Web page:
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The damage to these houses is the result of a powerful hurricane named Charley. In August of 2004, Hurricane Charley tore roofs off buildings, leveled trees, and caused tremendous property damage, forcing people to lose their homes, businesses, and possessions. A year later, in August of 2005, one of the most devastating hurricanes to ravage North America struck the city of New Orleans and the neighboring Mississippi coast. A massive hurricane called Katrina turned out to be the costliest US hurricane on record, and the deadliest US hurricane since 1928. In all, Hurricane Katrina took the lives of at least 1,300 people, and caused at least $80 billion in damage. Hurricanes are large, swirling storms, centered around very low pressure. They form over warm, tropical waters near the equator, typically from June through November. This is a satellite image of a hurricane. You observe. Is the hurricane rotating in a clockwise or counterclockwise direction?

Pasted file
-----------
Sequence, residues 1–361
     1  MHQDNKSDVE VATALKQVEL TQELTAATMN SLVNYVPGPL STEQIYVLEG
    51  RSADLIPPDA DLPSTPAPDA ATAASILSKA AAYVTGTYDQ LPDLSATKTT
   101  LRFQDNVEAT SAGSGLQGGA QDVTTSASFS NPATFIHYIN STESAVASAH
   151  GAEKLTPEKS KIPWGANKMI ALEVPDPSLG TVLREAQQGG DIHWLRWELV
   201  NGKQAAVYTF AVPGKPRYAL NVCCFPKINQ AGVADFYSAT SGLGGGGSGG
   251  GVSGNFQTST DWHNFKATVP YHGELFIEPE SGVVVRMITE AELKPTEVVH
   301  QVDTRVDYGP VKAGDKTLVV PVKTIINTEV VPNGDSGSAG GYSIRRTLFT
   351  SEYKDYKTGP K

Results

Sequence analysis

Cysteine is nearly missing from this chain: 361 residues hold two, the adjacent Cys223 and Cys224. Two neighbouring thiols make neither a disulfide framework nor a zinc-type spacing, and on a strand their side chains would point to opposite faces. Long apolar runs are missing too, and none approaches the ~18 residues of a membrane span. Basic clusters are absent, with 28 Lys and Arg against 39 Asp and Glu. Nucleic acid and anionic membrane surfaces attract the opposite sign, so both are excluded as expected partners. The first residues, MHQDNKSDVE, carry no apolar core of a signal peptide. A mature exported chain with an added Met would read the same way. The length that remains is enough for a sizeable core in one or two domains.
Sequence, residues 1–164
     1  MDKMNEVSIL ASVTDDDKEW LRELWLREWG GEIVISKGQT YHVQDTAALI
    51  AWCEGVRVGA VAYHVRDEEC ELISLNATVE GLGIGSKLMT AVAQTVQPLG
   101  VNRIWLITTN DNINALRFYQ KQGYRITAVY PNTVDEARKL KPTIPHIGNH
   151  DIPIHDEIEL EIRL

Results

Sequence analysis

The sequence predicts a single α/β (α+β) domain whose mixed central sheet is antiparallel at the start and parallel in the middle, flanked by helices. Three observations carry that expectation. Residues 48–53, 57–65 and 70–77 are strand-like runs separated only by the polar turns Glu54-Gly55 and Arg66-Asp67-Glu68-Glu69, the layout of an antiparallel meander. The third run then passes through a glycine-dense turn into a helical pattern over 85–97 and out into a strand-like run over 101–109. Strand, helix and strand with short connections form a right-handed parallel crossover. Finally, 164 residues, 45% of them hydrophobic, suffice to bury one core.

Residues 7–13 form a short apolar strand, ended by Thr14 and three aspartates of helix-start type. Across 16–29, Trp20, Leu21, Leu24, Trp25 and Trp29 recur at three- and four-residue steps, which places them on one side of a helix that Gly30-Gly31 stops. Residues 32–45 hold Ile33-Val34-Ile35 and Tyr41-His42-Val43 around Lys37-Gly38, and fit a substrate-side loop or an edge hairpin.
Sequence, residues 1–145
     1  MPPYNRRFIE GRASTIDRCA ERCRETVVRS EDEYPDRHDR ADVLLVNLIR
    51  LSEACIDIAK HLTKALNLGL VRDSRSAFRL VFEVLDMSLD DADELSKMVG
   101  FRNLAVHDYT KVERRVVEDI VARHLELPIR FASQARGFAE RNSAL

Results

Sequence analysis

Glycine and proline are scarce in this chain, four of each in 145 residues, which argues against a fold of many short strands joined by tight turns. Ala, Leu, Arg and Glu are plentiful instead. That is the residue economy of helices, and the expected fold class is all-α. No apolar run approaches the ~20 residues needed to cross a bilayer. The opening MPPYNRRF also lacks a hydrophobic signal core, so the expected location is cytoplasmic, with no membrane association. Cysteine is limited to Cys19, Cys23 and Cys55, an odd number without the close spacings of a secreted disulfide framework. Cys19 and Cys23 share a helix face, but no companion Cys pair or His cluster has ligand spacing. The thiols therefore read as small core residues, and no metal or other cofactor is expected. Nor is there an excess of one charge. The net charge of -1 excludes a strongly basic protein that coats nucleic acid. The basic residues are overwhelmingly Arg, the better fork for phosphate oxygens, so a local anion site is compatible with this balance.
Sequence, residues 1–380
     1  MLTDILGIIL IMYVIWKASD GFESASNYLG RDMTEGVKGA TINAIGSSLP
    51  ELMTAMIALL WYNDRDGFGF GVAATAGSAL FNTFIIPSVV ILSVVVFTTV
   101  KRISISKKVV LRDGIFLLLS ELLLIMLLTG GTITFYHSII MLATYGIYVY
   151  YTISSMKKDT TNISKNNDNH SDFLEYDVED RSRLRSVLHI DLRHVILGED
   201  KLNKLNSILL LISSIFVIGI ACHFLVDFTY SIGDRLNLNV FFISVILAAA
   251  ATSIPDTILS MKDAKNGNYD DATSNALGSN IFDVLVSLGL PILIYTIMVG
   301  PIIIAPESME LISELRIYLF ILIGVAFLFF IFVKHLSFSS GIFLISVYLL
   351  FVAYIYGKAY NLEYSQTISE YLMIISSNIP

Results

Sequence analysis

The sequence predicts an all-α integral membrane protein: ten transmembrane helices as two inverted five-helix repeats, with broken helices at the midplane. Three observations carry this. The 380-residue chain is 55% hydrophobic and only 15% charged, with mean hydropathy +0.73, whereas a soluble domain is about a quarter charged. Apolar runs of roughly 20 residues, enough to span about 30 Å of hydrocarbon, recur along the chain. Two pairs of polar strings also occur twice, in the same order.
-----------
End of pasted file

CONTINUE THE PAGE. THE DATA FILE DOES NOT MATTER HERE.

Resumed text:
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This hurricane, like other hurricanes in the Northern Hemisphere, is rotating in a counterclockwise direction. A hurricane gets its energy from moisture evaporated off warm ocean waters. As this air rises, clouds form, and more and more air is drawn into the system. As the storm system builds, winds begin to spin in toward the areas of low pressure. At first, a tropical depression forms, with winds from 37 to 63 kilometers per hour, or 23 to 39 miles per hour. Then, a tropical storm forms, with winds up to 119 kilometers per hour, or about 70 miles per hour. When the winds get stronger, the tropical storm grows into a hurricane. Winds may reach speeds of 300 kilometers, or 180 miles per hour. Winds this strong can blow out windows and drive debris through buildings and trees. When a hurricane comes ashore, it often brings high waves and severe flooding. In many cases, a wall of water called a storm surge, accompanies a hurricane near the coast. In the case of Hurricane Katrina, the storm surge was up to 9 meters, or 30 feet high in some places, smashing coastal properties with a wall of water. For these reasons, people living in the path of a strong hurricane are instructed to evacuate to a safe place before a hurricane reaches landfall.

Source Citation   (MLA 8th Edition)
"Hurricanes." Weather on the Move, 18 Oct. 2016. Kids InfoBits, Accessed 18 Feb. 2020.

Gale Document Number: GALE|PZBNGY847854667